The Casino Business
A casino is a place where people gamble on games of chance. The modern casino is like an indoor amusement park for adults, with musical shows, lighted fountains, shopping centers and elaborate themes competing for customers’ attention alongside the clinking of slot machines and shuffling of cards. While the many luxuries of modern casinos help to draw in customers, they would not exist without the billions of dollars in profits raked in by gambling games such as slot machines, blackjack, roulette, craps and keno.
The casino business grew in the 1950s as Nevada became the first state to legalize gambling. The influx of money from Americans traveling to Nevada was a boon to the economy and local businesses began to open up to capitalize on the visitors. However, legitimate businessmen were reluctant to invest their capital in a venture that had the taint of being associated with crime. This led to mobsters becoming heavily involved in the casino business, taking sole or partial ownership of some casinos and even using their criminal money to influence gaming outcomes.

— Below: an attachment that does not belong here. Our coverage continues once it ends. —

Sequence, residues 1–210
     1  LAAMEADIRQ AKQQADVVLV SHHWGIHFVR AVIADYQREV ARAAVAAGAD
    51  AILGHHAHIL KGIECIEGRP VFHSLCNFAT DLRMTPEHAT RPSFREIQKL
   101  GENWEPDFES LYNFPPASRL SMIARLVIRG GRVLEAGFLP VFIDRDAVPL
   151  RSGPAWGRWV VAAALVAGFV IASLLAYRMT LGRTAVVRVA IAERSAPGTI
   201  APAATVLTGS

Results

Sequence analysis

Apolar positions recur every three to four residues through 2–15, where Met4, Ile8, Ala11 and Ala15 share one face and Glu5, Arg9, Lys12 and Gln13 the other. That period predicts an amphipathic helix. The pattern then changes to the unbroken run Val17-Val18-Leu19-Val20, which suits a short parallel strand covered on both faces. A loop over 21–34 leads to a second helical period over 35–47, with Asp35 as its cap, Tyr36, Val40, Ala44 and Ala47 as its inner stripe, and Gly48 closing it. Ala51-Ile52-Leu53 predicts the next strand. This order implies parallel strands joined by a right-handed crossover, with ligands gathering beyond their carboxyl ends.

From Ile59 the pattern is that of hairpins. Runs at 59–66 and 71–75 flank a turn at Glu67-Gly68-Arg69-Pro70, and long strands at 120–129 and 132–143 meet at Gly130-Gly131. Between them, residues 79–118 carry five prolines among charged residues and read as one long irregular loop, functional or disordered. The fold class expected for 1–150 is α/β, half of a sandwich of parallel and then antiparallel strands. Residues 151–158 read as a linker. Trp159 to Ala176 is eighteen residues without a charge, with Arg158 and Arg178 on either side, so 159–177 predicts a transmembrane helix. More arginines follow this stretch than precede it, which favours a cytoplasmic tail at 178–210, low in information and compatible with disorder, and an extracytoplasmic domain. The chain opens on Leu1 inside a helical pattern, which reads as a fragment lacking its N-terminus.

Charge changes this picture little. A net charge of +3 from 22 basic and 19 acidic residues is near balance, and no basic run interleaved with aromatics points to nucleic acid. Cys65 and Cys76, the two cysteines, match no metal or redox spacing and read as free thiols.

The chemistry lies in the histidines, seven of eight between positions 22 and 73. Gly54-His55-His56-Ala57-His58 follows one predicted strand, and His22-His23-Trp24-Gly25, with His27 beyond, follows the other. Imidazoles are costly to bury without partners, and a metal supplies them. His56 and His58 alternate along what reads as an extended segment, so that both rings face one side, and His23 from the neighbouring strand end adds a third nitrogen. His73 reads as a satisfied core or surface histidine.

In the 1990s, casinos dramatically increased their use of technology to supervise their gaming operations. For example, betting chips with built-in microcircuitry interact with electronic systems to allow the casino to monitor exactly how much is wagered on a given game minute by minute; and roulette wheels are electronically monitored regularly to discover any statistical deviations from their expected performance. Computers also help with surveillance by allowing the casino to track player activity and provide players with “comps,” free goods and services (such as hotel rooms, dinners, show tickets or even limo service and airline tickets) based on how long they play and how much they bet.
As well as the use of cameras and other technical measures, casinos have a lot of staff dedicated to security. These security personnel keep an eye on the tables and slots to spot any cheating or stealing that may be going on. There are also specialized employees, such as pit bosses and table managers, who focus on specific games and can quickly spot any erratic betting patterns that might indicate cheating is occurring.
In addition to these measures, casinos enforce their security through rules of conduct and behavior. For instance, casino patrons are usually required to keep their cards visible at all times while playing a card game. And if they’re caught smoking or drinking on the premises, they could be asked to leave. Many tourists travel the world specifically to visit casinos, while others inadvertently end up at one and enjoy themselves nonetheless.